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story.lead_photo.caption Former U.S. Sen. Mark Pryor in Philadelphia

FAYETTEVILLE -- Government no longer responds to voters but to well-funded, dogmatic interests, former U.S. Sen. Mark Pryor told an audience of more than 100 people at a lunch meeting Friday.

"People are frustrated with government because they feel nobody in it listens to them," said Pryor, a Democrat who lost his re-election bid in 2014. "Guess what? Nobody is listening to them."

President Donald Trump tapped into that frustration, Pryor said. Whatever people think of his politics, Trump addressed a hunger in many voters to be relevant and heard again, Pryor told those attending the Political Animals Club of Northwest Arkansas in Fayetteville.

"All over this country, there are small towns with plants that have closed down and jobs that have been lost," Pryor said. There are real problems to be addressed, he said.

"But if a member of Congress tries to address those problems and deviates from the party line in any way, you face a very strong risk of having an opponent in the next party primary who is better funded than you are."

Pryor, 54, a former state legislator, was Arkansas attorney general from 1999 to 2002. He was elected to the U.S. Senate in 2002, serving two terms, from 2003 to 2015. Republican Tom Cotton defeated Pryor, who is now a partner at Washington-based law firm, Venable LLP.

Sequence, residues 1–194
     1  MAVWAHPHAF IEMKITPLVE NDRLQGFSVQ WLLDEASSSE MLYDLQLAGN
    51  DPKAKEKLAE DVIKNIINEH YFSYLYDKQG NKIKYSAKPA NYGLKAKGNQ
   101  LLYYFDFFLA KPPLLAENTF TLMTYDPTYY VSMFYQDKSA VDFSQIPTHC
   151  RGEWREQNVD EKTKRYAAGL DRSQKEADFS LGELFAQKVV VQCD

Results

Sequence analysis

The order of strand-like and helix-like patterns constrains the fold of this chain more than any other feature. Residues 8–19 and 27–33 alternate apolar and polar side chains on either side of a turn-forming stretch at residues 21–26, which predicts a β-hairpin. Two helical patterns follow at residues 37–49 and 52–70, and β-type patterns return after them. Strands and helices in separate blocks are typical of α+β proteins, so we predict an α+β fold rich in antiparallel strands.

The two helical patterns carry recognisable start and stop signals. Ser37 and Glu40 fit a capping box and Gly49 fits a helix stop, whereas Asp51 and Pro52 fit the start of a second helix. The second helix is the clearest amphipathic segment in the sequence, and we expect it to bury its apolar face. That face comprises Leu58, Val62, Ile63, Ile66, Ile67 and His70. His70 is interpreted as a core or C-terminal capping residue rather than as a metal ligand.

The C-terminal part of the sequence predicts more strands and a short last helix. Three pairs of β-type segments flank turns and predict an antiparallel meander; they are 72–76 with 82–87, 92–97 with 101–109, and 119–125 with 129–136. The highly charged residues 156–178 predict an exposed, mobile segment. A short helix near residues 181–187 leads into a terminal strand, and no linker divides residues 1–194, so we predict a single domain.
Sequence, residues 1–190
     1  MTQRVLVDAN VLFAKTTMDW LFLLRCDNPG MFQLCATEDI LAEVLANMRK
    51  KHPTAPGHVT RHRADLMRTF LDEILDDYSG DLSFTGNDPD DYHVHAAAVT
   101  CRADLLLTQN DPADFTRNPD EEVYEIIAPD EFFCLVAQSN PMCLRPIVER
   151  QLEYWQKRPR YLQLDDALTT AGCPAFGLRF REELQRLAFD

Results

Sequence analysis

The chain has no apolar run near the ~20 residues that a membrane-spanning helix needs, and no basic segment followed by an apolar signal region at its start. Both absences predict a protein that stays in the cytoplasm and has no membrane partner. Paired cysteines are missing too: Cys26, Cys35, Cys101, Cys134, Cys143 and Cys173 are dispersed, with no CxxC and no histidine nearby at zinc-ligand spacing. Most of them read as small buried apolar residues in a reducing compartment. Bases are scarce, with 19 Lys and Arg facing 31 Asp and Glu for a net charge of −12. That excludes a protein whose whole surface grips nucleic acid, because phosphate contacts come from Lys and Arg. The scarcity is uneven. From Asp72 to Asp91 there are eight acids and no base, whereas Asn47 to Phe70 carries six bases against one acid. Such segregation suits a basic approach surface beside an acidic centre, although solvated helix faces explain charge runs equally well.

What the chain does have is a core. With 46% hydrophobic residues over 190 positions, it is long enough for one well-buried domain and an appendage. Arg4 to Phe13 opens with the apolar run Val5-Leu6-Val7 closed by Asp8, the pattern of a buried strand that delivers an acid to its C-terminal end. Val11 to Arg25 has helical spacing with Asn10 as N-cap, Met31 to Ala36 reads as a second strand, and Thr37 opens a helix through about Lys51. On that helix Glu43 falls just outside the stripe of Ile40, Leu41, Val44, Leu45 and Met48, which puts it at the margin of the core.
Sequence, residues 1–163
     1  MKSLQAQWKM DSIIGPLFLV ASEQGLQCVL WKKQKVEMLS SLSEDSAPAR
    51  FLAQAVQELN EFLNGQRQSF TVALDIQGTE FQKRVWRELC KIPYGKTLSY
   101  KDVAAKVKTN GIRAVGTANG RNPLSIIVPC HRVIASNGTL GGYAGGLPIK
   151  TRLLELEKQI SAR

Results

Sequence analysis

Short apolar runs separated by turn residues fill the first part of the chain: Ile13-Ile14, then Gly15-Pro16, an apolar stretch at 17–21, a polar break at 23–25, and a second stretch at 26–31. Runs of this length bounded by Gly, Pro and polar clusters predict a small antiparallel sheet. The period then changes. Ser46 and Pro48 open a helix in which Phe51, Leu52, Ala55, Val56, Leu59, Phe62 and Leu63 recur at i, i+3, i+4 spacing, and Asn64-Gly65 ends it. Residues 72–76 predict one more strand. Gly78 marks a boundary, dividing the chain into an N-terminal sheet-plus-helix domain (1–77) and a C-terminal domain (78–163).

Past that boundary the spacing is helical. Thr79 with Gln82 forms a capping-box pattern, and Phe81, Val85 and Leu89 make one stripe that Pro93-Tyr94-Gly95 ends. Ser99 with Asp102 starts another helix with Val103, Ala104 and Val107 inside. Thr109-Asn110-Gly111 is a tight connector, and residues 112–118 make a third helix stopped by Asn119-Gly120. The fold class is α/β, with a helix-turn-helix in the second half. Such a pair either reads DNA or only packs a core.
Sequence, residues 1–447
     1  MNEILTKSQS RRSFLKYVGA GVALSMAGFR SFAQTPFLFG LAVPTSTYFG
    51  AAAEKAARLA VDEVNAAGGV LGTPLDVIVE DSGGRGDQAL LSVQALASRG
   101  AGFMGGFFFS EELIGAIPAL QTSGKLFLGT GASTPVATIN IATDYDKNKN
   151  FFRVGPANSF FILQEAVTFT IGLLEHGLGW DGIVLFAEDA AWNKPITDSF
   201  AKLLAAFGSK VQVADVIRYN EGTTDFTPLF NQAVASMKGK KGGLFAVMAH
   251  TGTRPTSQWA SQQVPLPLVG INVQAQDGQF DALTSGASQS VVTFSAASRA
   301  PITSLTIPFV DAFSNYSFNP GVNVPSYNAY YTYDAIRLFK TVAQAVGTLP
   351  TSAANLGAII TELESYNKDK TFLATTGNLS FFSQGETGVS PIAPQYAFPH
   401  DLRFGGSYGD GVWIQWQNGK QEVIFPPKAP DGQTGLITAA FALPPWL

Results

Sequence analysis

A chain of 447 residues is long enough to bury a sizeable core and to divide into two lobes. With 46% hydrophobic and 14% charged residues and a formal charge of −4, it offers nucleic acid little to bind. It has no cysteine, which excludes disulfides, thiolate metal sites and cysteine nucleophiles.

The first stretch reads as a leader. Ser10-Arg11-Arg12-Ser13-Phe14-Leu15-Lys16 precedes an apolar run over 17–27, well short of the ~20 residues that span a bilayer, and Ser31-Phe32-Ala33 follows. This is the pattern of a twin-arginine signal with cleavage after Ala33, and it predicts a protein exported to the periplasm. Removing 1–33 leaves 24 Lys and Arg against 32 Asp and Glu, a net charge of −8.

"The system we have is very corrupt," Pryor said, adding that it is not corrupt in the traditional sense of crooked politicians stealing from the public, but because campaign financing bars most voters from having any meaningful say.

Pryor recalled he was in the U.S. Senate when the Supreme Court ruled in 2010 in the Citizens United v. Federal Election Commission case, which dealt with the regulation of campaign spending by organizations.

That ruling "allowed unlimited, secret money to be spent in campaigns," he said. "Campaign money should never be unlimited or secret."

Only the Supreme Court can fix the situation, the former senator said. Campaign finance cases go before the court regularly, giving it renewed chances to review and reconsider its decision, he said.

Pryor mentioned by name one exception to the rule of congressmen being cowed from representing their districts or states: Rep. Steve Womack of Rogers, a Republican who represents Northwest Arkansas' 3rd District.

"I have known Steve since he was the mayor of Rogers, and he is really in touch with the values of his district," Pryor said. "If Steve ever decides not to run for the House again, that's a bad sign."

Hoyt Purvis, who served as foreign and defense policy adviser to Sen. Robert Byrd, D-W.Va., before leaving Washington in 1982, was in the audience Friday. He said Pryor had the right idea.

Both parties need to "find a way back to the middle, but it is going to be tough. It is a long, long way for either of them," said Purvis, a professor emeritus of journalism at the University of Arkansas, Fayetteville.

The Democratic Party is out of power, which means it is much more likely to at least consider taking the necessary steps to appeal to more voters, Pryor said.

The Democrats should give their candidates more leeway to veer from a straight party line so they can represent the interests of their districts or states, he said.

"Liberals need to give everyone some elbow room," he said.

Metro on 10/21/2017

Print Headline: Ex-senator cites voter frustration

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